The U.S. Dist. Court for the W. Dist. of Tenn. has given a green light to Overnite Trans. Co. to proceed with a federal racketeering suit naming Int’l Bhd. of Teamsters boss James P. Hoffa and other bosses as defendants. In the suit filed last year by the Richmond, Va.-based company, Hoffa, Nat’l Freight Director Philip E. Young and other members of the IBT Exec. Bd. were named as defendants alleging a host of illegal activities, including attempted murder.
Overnite, one the nation’s largest predominantly non-union carriers has been the target of an IBT job action since Oct. 1999. Less than 5% of the firm’s 13,000 employees have followed IBT’s call to strike the firm. The job action, which has been marked by violence, has seen judges in 14 states issue retraining orders to curb union activity.
The 225-page suit, filed in Jan. 2000 under the Racketeer Influenced & Corrupt Organizations (RICO) Act, alleges a pattern of racketeering activities that includes over 50 “predicate acts” of attempted murder, destroying and vandalizing company and personal property and beating and threatening non-striking Overnite employees. Under RICO, Overnite can recover treble damages and costs for injuries.
The dependents argued they should not be held responsible for the criminal activities because Overnite had failed to link them to the specific predicate acts. On Feb., 2001, the court rejected the argument noting that “RICO defendants are typically complex, hierarchical enterprises, where the offenses are perpetrated by ‘underlings’ at the direction of distant and removed ‘bosses’.”
As to Overnite’s specific allegations regarding attempted murder, the court found “Firing a gun at a truck driver on the highway may support the conclusion that the person doing the firing acted with an intent to kill. Similarly, dropping a cinder block from an overpass while a truck is passing beneath at highway speed or throwing a brick or rock at a truck’s windshield when it is traveling at highway speed may be found to constitute attempted murder … “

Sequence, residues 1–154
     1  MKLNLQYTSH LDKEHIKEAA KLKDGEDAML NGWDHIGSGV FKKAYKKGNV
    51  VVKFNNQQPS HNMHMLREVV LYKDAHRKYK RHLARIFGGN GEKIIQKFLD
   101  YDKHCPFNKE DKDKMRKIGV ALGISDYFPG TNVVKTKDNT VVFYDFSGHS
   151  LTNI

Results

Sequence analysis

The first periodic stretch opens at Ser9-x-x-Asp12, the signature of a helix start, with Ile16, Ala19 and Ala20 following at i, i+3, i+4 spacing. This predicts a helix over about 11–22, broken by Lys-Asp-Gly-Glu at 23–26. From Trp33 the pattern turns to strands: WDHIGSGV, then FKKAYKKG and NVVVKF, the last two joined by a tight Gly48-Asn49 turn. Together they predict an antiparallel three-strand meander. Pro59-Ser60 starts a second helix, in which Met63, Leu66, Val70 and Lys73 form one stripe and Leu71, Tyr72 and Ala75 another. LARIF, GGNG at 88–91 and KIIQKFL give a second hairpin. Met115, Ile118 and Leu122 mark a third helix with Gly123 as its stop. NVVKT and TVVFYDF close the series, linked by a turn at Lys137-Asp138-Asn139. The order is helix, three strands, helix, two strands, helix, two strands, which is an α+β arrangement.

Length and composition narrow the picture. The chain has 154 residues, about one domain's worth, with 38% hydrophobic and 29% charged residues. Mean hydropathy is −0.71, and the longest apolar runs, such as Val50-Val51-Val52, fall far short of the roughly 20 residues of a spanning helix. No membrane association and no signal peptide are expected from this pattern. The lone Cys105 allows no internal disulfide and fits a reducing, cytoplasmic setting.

“We will vigorously litigate the 55 attempted murder claims the court has authorized Overnite to pursue,” said Overnite spokesman Ira Rosenfeld. In a section of the suit, the court departed from existing precedent under RICO in holding that the alleged criminal activities, short of attempted murder were not, in the strike context, among the racketeering activities prohibited by RICO. “The company remains confident that this limited portion of the court’s ruling will be overturned on appeal,” said Rosenfeld. [Overnite Trans. Co., Media Release 3/12/01]
Attorney Predicts Action on Money-Laundering Scandal
The Teamsters money-laundering scandal that led to the recent indictment of ex-boss Ron Carey, is consider to be one of the top emerging issues in labor law according a speaker at a continuing legal education course presented by the American Law Institute – American Bar Association Mar. 2, in Scottsdale, Ariz. Charles P. O’Connor, a partner with Morgan, Lewis & Bockius in Washington, D.C., said an issue to watch is the ongoing investigation by a New York grand jury into an alleged Teamsters scheme to contribute to state Democratic parties in return for assistance from party officials in finding donors for Carey’s 1996 re-election campaign. That investigation “has sat on the back burner during the waning days of the Clinton administration,” he said, predicting that it will receive more attention in the future. [BNA 3/6/01]